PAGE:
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Frederiksberg (Danish pronunciation: [fɑːɑʁiɡ̊sˈbeɐ̯]) is a town (the Frederiksberg Municipality) in Denmark's Capital City Region (Region Hovedstaden). It is surrounded by but separate from Copenhagen. It occupies an area of less than 9 km2 and had a population of 103,192 in 2015. Frederiksberg is an enclave surrounded by the city of Copenhagen. There is no visible border between Frederiksberg and the other districts of Copenhagen, and the town is informally considered to be a part of Copenhagen. For instance, the Copenhagen Zoo as well as several stations of the Copenhagen Metro (the stations Forum, Frederiksberg, Fasanvej, Lindevang, and Flintholm) are located in Frederiksberg. The Copenhagen S-train system also has several stations in Frederiksberg, including Peter Bangs Vej station and Flintholm station.
Bombardment of 1807. Amager and the Øresund in the background, Frederiksberg Palace in the foreground to the right with soldiers with cannons
Julius Thomsens Square with St. Mark's Church in the background
Frederiksberg's original name was Tulehøj (= Thyle-hill), indicating that a thul (= thyle) lived there, the reciter of eldritch times. The term is known from the Snoldelev rune stone. In Beowulf, Unferth holds the same title. In Håvamål, Odin himself is referred to as "the old thul".Thula translates as "song", like in the Rigsthulapoem from the Edda. By 1443 the name Tulehøj was spelled Tulleshøy. It was regarded as Copenhagen's border to the west. People lived here since the Bronze Age.
The history of Frederiksberg goes back to June 2, 1651 when King Frederik III gave 20 Danish—Dutch peasants the rights to settle at Allégade (= allé = tree-lined street, gade = street), and founded the town then named "Ny Amager" (= New Amager) or "Ny Hollænderby" (= New Dutchman-town). Farming was not very successful, and in 1697 most of the town burned down. This meant that the peasants were unable to pay taxes, and the land reverted to the crown by Frederik III's son Christian V.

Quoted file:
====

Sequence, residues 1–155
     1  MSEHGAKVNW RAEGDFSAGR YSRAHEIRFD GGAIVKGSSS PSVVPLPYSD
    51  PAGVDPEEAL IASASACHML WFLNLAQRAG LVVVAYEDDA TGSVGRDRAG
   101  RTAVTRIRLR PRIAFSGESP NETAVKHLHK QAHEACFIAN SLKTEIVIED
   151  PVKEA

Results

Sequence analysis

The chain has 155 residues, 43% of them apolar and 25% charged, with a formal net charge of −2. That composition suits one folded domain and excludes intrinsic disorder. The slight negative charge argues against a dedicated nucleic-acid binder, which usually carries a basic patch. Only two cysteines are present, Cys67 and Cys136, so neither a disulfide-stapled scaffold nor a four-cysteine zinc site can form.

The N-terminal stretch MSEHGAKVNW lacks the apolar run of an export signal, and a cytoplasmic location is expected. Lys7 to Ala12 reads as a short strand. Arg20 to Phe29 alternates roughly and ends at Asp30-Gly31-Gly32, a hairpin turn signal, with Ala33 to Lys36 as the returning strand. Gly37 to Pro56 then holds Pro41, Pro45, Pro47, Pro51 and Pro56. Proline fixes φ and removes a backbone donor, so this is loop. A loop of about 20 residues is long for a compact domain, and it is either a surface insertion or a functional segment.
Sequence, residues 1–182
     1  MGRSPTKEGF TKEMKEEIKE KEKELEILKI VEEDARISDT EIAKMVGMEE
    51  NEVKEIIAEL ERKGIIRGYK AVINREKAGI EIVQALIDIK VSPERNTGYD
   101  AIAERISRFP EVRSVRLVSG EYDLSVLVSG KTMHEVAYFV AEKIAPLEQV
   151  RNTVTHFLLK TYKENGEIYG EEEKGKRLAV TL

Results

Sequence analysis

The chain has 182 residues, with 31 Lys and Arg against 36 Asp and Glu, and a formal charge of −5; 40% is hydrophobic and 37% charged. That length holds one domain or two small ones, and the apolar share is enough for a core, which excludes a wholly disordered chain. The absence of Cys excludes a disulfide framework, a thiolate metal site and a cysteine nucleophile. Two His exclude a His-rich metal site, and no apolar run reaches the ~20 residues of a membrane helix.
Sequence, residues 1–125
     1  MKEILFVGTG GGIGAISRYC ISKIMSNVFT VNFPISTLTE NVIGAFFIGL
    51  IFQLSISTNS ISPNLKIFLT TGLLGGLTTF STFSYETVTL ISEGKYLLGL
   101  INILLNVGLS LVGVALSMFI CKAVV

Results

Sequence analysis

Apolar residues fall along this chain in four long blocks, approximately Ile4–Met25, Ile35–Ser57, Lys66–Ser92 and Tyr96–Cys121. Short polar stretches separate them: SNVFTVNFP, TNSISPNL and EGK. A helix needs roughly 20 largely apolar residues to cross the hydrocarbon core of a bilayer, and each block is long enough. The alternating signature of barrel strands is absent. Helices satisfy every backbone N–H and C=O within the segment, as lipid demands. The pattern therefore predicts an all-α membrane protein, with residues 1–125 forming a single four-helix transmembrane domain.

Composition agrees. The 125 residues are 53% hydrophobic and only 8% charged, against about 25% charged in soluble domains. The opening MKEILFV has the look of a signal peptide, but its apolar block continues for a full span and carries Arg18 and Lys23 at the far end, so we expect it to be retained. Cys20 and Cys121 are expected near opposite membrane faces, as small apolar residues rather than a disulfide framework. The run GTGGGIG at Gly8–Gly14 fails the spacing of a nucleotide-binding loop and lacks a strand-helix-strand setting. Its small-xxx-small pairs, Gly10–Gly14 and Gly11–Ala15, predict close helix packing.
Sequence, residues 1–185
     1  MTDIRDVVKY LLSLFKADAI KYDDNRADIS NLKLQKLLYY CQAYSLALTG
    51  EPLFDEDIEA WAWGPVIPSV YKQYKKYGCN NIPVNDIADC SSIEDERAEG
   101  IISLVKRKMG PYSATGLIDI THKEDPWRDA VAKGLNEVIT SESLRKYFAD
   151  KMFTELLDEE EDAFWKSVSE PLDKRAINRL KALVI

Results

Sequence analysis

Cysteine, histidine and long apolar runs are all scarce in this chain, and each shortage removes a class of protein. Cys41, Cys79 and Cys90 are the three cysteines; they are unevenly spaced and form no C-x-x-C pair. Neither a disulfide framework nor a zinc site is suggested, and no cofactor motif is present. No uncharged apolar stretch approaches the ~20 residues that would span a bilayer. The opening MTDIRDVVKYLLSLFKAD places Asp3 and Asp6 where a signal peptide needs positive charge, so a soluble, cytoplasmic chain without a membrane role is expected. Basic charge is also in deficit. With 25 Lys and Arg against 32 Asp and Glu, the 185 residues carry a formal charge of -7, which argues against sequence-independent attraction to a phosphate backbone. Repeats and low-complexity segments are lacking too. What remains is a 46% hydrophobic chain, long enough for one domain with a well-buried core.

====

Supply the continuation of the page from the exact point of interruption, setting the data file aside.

In 1700-1703, King Frederik IV built a palace on top of the hill known as Valby Bakke (bakke = hill). He named the palace Frederichs Berg, and the rebuilt town at the foot of the hill consequently changed its name to Frederiksberg. A number of the local houses were bought by wealthy citizens of Copenhagen who did not farm the land, but rather used the properties as country houses.
The town changed slowly from a farming community to a merchant town, with craftsmen and merchants. During the summer rooms were offered for rent, and restaurants served food to the people of Copenhagen who had left the cramped city for the open land, and to be near the royals.
Initially the town grew slowly with population growing from 1,000 in 1770, to 1,200 in 1800, and to 3,000 in 1850.
In 1852 Parliament removed restrictions which prohibited permanent construction outside Copenhagen's city walls. Almost immediately numerous residential areas were constructed, starting in the eastern part near Copenhagen, and ending in the western part farthest away from Copenhagen in 1950. This led to rapid population growth; in 1900 the population reached 80,000, and in 1950 the city peaked with a population of 120,000.
Today the city consists almost entirely of 3- to 5-story residential houses, large single-family homes, and large parks; only a few small areas with light industry remain. On aerial pictures Frederiksberg stands out from the surrounding city of Copenhagen as a green area with few large roads. It is considered to be one of Copenhagen's more prestigious areas to live in.
Frederiksberg, which lies west of central Copenhagen, is completely surrounded by boroughs forming part of the city of Copenhagen – the result of an expansion of the Copenhagen city boundary in 1901 which nevertheless did not include the town in the list of municipalities to be incorporated in the enlarged area. Frederiksberg is thus effectively a municipal island within the country's capital – a unique phenomenon in present-day Europe. Other than administratively, however, it is largely indistinguishable in character from the districts of Copenhagen city which surround it.
The town has several stations on the Copenhagen Metro system, and is home to the tallest residential structure in Denmark and the second tallest residential building in Scandinavia: the 102-metre high Domus Vista.
This article's list of residents may not follow Wikipedia's verifiability or notability policies. Please improve this article by removing names that do not have independent reliable sources cited within this article showing they are notable and residents or by incorporating the relevant publications into the body of the article through appropriate citations.(March 2011)